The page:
What would it take for Panthers to topple mighty Bruins in NHL playoffs?

Florida underachieved for much of the season, but the Panthers might just give the Bruins a scare.

To answer the question this headline poses, the Florida Panthers can beat the Boston Bruins in the first round of the NHL playoffs.

The word "can" has a lot of heavy lifting to do considering the Bruins finished with more 43 more points than the Panthers during the regular season. To put that in perspective, a team with 43 fewer points than the Panthers would sit a 49. We haven't seen a points total that low in a full season since the disastrous 2016-17 Colorado Avalanche.

So there's a significant gap here.

That doesn't mean the Bruins are going to eat the Panthers' lunch.

Florida is an excellent possession team that led the NHL in shots per game this season (36.8) and outshot opponents by a larger margin (4.9/game) than Boston (3.2). This offense isn't a plucky, organized group lacking top-end difference makers, either.

Aleksander Barkov is one of the best centers in the league, Carter Verhaeghe is an ascending scorer and if it weren't for Connor McDavid's historic season, Matthew Tkachuk would earn serious Hart Trophy consideration.

Florida's problems between the pipes have dissipated recently as well with unheralded journeyman Alex Lyon providing some unexpected stability.

There's a case for the Panthers, here, but if you're betting on Florida you're talking yourself into a serious underdog.

Boston has won 79.3 percent of its games this season and put up a goal differential (+128) better than the next two best teams in the Eastern Conference by that metric combined (+123).

Linus Ullmark has clearly been the best goaltender in the NHL this season, helping the Bruins allow 36 fewer goals than any other club — and giving them an advantage they frankly don't need.

If you're inclined to put plenty of stock into intangibles, the Bruins have one of the most battle-tested groups in the business and the Panthers can't say the same.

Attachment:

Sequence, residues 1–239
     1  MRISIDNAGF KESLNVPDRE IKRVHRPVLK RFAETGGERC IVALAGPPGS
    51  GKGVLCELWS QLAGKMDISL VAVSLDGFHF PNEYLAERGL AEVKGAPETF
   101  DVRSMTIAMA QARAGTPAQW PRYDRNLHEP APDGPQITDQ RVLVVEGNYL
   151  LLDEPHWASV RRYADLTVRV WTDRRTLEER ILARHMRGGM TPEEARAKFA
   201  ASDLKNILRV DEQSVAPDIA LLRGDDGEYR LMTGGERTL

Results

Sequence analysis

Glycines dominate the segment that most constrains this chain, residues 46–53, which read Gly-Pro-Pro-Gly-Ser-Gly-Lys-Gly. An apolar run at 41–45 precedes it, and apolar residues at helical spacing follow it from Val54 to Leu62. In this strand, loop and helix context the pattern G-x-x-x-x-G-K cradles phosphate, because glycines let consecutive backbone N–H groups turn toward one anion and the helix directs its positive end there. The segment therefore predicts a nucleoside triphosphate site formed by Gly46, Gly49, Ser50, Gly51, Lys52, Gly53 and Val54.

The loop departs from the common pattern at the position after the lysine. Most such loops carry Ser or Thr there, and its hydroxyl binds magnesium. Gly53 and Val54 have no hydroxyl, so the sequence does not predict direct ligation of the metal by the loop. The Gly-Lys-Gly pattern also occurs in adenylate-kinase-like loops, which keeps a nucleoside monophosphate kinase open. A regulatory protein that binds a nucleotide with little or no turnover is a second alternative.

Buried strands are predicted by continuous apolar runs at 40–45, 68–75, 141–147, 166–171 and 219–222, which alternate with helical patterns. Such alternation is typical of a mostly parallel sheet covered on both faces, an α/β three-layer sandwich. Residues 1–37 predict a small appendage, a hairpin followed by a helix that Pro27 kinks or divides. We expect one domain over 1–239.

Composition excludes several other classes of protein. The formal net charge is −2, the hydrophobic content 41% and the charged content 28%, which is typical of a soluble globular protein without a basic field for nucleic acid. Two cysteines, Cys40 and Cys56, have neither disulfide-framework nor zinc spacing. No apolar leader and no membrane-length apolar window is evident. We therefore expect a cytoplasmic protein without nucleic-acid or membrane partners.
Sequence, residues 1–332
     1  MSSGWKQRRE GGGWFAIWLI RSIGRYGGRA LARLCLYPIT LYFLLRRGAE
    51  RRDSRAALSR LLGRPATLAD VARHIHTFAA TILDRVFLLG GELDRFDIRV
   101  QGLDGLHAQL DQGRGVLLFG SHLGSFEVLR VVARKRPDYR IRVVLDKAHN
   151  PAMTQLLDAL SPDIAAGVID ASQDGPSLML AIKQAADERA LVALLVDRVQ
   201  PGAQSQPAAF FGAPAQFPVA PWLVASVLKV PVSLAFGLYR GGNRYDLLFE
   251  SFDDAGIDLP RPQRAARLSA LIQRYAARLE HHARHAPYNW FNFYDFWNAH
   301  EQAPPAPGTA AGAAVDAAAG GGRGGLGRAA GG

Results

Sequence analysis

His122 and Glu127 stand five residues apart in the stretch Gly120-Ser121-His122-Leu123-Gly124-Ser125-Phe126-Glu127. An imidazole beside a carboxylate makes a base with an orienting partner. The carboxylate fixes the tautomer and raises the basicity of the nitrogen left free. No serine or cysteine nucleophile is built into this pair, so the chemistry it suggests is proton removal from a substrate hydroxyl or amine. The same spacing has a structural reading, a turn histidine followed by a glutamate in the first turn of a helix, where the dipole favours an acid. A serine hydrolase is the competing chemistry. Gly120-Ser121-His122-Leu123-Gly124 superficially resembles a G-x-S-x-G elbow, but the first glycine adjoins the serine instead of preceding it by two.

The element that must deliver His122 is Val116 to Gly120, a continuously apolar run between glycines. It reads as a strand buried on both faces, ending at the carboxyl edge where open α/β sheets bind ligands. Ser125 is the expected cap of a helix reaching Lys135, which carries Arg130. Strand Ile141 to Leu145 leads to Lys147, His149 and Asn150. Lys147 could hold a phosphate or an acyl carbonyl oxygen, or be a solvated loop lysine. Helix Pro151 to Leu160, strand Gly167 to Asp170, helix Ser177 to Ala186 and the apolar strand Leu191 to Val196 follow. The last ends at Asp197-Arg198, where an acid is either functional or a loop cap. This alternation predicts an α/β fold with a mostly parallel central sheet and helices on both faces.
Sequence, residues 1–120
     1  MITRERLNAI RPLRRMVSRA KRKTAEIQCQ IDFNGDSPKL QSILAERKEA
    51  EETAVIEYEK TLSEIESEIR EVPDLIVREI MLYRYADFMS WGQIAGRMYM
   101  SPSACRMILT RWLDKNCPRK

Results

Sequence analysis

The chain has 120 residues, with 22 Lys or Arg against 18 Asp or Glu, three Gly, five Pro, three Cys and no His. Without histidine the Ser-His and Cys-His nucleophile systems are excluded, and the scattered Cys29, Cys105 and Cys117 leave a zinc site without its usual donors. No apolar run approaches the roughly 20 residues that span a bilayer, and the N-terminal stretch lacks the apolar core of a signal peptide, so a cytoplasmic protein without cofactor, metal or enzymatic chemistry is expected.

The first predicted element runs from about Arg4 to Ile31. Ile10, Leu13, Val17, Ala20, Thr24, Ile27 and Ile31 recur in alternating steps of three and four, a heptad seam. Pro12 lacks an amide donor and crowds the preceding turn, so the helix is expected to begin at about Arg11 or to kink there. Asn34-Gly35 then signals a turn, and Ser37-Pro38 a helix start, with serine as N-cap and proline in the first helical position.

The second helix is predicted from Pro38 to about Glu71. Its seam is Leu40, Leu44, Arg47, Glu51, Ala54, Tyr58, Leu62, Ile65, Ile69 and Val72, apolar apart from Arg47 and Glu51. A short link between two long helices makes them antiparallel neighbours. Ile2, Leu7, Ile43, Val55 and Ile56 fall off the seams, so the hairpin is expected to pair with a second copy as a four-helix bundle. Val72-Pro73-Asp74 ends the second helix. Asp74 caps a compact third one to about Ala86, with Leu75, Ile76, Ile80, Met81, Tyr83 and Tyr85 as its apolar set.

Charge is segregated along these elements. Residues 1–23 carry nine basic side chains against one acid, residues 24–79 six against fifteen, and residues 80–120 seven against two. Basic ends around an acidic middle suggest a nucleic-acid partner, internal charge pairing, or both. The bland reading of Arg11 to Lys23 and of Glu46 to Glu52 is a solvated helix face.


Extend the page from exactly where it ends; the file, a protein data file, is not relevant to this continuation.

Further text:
The Bruins shouldn't have a problem with the Panthers in the first-round of the NHL playoffs. (Photo by Steve Babineau/NHLI via Getty Images)
The Bruins shouldn't have a problem with the Panthers in the first-round of the NHL playoffs. (Photo by Steve Babineau/NHLI via Getty Images)

What have you done for me lately?

The Bruins could've easily geared down in the final stretch of the season due to their lead in the standings, but they've continued to roll with an 18-4-0 record since the beginning of March.

It's hard for even the most dedicated nitpickers to find something wrong with this squad, and closing out the season 10-1-0 doesn't leave much room for doubters.

The Panthers have a slightly more complicated story as they struggled through much of March with a 6-7-1 record between March 2 and 27, before finding their legs again. A six-game winning streak put them back in playoff position, and they finished their season with a pair of defeats.

It's a bit of a muddled picture, but during that time Lyon established himself as the starter in net, which has been a positive for this group.

The Bruins will win if...

Nothing particularly weird happens. That's a boring answer, but it's true. As long as Boston plays its game and Ullmark continues to roll the Bruins should be able to look ahead to a date with the Toronto Maple Leafs or Tampa Bay Lightning.

The Panthers will win if...

They win the goaltending battle by a solid margin. Asking a 30-year-old who'd only topped six NHL appearances in one of five seasons entering 2022-23 to get the better of the clear Vezina favorite is a bit much. Still, the Panthers aren't likely to be shelled game in and game out, even against an elite squad like the Bruins.

Florida had a better expected goals for percentage (53.73%) than Boston (53.15%) at 5-on-5 during the regular season. If Ullmark isn't sharp, the Panthers can control the play enough to make the Bruins pay.

Series hero

The defending Selke Trophy winner isn't as flashy as some of the NHL's top stars and he's on the down side of his aging curve at 37, but he's still a force to be reckoned with.

Bergeron can be deployed with confidence in any situation and he's likely to not only erase top players but help generate offense.

When the veteran was on the ice at 5-on-5 this year the Bruins had a 71.9% goal share. That was tops among the 278 forwards with 750-plus minutes of 5-on-5 ice time. That wasn't all just PDO magic, either, as his on-ice expected goal rate (63.2%) also topped that sample.

This will be Bergeron's 14th appearance in the playoffs, and he rarely disappoints.

The Fernando Pisani Trophy (Unsung Hero)

We're going to go with another old guy here as Eric Staal plays a complementary but important role for the Panthers.

The veteran started his shifts in the defensive zone more than any other Panther who played 15 or more games this season (53.2%) and he made life difficult for opponents while chipping in on offense.

He's no longer a star, or a top-six player, but he's a versatile contributor with more than a full regular season's worth of playoff games — and a Stanley Cup win — on his resume. Staal is unlikely to stand out from the beginning of this series to the end, but it wouldn't be a surprise to see him pop up in a key moment or two.


Boston in five